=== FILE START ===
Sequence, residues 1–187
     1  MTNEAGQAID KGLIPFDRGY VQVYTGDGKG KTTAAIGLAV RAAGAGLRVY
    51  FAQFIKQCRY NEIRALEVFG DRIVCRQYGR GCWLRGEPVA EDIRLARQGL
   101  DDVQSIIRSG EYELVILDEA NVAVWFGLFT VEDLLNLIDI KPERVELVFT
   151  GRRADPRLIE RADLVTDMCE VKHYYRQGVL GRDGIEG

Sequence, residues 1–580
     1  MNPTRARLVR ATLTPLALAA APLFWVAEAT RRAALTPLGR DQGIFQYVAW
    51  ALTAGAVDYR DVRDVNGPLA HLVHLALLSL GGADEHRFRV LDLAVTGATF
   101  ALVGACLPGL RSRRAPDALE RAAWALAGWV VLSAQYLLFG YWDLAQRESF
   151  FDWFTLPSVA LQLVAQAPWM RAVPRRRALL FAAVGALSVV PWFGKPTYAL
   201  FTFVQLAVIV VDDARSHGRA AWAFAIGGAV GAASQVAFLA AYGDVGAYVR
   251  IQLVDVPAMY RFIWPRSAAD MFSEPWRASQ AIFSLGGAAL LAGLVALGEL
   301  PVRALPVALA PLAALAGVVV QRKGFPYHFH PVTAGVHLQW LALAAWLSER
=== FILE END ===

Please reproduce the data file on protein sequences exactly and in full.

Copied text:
Sequence, residues 1–187
     1  MTNEAGQAID KGLIPFDRGY VQVYTGDGKG KTTAAIGLAV RAAGAGLRVY
    51  FAQFIKQCRY NEIRALEVFG DRIVCRQYGR GCWLRGEPVA EDIRLARQGL
   101  DDVQSIIRSG EYELVILDEA NVAVWFGLFT VEDLLNLIDI KPERVELVFT
   151  GRRADPRLIE RADLVTDMCE VKHYYRQGVL GRDGIEG

Sequence, residues 1–580
     1  MNPTRARLVR ATLTPLALAA APLFWVAEAT RRAALTPLGR DQGIFQYVAW
    51  ALTAGAVDYR DVRDVNGPLA HLVHLALLSL GGADEHRFRV LDLAVTGATF
   101  ALVGACLPGL RSRRAPDALE RAAWALAGWV VLSAQYLLFG YWDLAQRESF
   151  FDWFTLPSVA LQLVAQAPWM RAVPRRRALL FAAVGALSVV PWFGKPTYAL
   201  FTFVQLAVIV VDDARSHGRA AWAFAIGGAV GAASQVAFLA AYGDVGAYVR
   251  IQLVDVPAMY RFIWPRSAAD MFSEPWRASQ AIFSLGGAAL LAGLVALGEL
   301  PVRALPVALA PLAALAGVVV QRKGFPYHFH PVTAGVHLQW LALAAWLSER